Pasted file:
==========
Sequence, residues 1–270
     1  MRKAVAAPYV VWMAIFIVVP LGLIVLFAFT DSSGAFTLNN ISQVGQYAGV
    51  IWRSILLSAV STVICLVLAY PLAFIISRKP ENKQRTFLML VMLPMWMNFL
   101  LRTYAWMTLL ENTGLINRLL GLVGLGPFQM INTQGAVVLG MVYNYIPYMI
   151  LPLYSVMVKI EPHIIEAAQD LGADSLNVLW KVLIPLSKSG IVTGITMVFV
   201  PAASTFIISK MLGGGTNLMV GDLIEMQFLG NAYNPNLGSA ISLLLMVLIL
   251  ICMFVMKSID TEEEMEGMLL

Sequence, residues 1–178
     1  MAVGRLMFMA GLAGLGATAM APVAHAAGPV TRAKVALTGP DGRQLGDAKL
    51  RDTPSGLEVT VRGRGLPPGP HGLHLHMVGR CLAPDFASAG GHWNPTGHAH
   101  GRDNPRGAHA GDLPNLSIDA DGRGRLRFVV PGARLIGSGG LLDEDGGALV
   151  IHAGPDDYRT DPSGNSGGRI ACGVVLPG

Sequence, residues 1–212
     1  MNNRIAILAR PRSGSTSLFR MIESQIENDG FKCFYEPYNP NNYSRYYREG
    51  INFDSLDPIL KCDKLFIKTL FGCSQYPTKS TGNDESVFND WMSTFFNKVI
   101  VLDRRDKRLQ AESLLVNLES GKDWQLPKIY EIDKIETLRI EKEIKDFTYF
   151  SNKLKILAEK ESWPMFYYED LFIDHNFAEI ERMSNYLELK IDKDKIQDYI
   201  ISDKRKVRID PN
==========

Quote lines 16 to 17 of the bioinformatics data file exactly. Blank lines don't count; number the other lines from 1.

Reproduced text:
   101  VLDRRDKRLQ AESLLVNLES GKDWQLPKIY EIDKIETLRI EKEIKDFTYF
   151  SNKLKILAEK ESWPMFYYED LFIDHNFAEI ERMSNYLELK IDKDKIQDYI